SEM image of microneedle array
Encapsulated in alpha-lactalbumin nanomicelles, capsaicin deposited subcutaneously at the site of adipose tissues via microneedle patches has shown potential in promoting weight loss.
Obesity is a risk factor for a range of health problems including type 2 diabetes, heart disease, sleep disorders, and more. Given its incidence is rising globally, there is a need for more effective treatments to control weight gain beyond exercise and diet.
A hydrophobic natural compound called capsaicin is proven to be effective in inhibiting adipogenesis — the formation of fat cells from stem cells — with few adverse side effects. It is, however, poorly absorbed when administered orally and can also cause irritation to the lining of the gastrointestinal tract. Fat-soluble drugs, like capsaicin, are more readily taken up when delivered into adipose tissues directly.
By combining microneedle patches and nanomicelle encapsulation, researchers demonstrated encouraging anti-obesity effects, including suppression of cellular fat generation in adipocytes and conversion of white adipose tissue to brown. Brown fat — also known as “good fat” — counteracts obesity by speeding up the depletion of fat stores and burning calories to regulate body temperature.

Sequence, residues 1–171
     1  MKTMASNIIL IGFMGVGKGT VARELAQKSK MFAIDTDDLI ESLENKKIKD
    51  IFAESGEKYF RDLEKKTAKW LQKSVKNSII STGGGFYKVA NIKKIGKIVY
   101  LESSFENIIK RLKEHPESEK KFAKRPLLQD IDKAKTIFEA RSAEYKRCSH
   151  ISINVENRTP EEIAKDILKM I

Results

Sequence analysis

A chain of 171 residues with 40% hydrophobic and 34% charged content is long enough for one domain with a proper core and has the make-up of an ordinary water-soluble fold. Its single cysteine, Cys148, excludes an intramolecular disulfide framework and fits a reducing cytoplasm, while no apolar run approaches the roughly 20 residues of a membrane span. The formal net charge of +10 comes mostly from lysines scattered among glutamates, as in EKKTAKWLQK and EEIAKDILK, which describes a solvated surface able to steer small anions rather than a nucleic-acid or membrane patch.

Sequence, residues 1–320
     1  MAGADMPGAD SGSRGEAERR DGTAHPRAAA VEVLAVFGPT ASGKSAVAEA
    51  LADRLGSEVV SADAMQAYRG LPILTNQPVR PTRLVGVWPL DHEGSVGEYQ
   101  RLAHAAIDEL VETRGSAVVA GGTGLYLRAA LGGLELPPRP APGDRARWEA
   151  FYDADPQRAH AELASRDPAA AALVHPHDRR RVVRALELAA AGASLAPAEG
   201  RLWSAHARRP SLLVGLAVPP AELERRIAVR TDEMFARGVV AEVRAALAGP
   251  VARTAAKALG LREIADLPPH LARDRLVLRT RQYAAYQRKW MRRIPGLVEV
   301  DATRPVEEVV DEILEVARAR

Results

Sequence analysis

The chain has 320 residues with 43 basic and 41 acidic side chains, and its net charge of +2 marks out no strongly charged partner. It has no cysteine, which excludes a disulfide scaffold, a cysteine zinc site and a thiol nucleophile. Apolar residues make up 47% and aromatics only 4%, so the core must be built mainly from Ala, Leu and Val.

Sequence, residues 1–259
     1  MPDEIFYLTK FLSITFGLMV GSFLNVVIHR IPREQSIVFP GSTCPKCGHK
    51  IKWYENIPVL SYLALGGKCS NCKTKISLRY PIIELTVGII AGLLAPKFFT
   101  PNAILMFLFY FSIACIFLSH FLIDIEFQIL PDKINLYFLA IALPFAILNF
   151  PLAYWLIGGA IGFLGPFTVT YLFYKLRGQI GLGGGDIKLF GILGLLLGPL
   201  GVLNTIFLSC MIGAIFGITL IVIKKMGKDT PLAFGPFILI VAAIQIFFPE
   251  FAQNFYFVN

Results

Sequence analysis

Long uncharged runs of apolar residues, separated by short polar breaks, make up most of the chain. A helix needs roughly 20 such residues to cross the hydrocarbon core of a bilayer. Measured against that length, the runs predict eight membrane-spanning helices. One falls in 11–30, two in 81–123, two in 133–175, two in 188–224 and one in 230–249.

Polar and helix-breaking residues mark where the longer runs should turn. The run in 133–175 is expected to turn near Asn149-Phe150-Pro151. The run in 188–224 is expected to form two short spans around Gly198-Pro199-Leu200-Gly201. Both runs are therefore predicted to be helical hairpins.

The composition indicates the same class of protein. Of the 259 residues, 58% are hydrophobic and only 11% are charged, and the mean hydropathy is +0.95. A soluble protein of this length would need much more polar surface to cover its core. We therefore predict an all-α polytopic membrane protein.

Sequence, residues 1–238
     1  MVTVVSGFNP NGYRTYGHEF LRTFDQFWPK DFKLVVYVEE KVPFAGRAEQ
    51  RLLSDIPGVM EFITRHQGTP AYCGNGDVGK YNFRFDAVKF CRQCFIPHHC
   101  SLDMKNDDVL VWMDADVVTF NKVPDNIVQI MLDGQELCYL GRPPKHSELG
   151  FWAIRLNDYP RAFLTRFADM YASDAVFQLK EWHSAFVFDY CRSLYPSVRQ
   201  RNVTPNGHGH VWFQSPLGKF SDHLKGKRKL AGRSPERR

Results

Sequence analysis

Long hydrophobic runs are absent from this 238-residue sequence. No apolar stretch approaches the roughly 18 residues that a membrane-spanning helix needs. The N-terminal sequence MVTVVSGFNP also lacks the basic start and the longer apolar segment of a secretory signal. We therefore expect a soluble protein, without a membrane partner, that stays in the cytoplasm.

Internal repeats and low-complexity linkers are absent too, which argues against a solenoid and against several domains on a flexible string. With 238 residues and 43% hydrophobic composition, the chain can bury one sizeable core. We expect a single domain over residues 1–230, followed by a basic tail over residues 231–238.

As published in Advanced Functional Materials, capsaicin-loaded microneedle patches promote weight loss and reduction in body fat in animal models of diet-induced obesity. These physical changes were associated with a suppression of lipogenesis in targeted adipose tissues.
In an adipocyte cell line, the researcher team found that encapsulated capsaicin reduced accumulation of lipid droplets by regulating adipogenesis and also enhanced production of mitochondria — the energy powerhouses of cells.
They chose alpha-lactalbumin nanomicelles as a vehicle to transport capsaicin via microneedles for its ease of use as well as its own well-known weight control effects.
“Alpha-lactalbumin is more biocompatible and biodegradable than synthetic polymers. It self-assembles into nanomicelles, and capsaicin can be loaded in the hydrophobic core, which reduces irritation to the skin,” says team lead, Professor Yuan Li of China Agricultural University.
“The microneedles based on hyaluronic acid will then melt at body temperature under the skin. The nanomicelles efficiently permeate into subcutaneous fat and are endocytosed by adipocytes. At this point, the capsaicin is released inside the cells and acts synergistically with the dissociated alpha-lactalbumin peptides from the nanomicelles to reduce lipid deposition.”
Delivery of capsaicin via this method induced weight loss more efficiently than by administration via subcutaneous injection.
This pain-free, localized treatment allows self-application in the home and the authors believe that it has significant advantages over current treatments available such as liposuction, gastric surgery, and existing weight loss medications taken orally.
Reference: Cheng Bao, et al., Microneedle Patch Delivery of Capsaicin-Containing a-Lactalbumin Nanomicelles to Adipocytes Achieves Potent Anti-Obesity Effects, Advanced Functional Materials (2021). DOI: 10.1002/adfm.202011130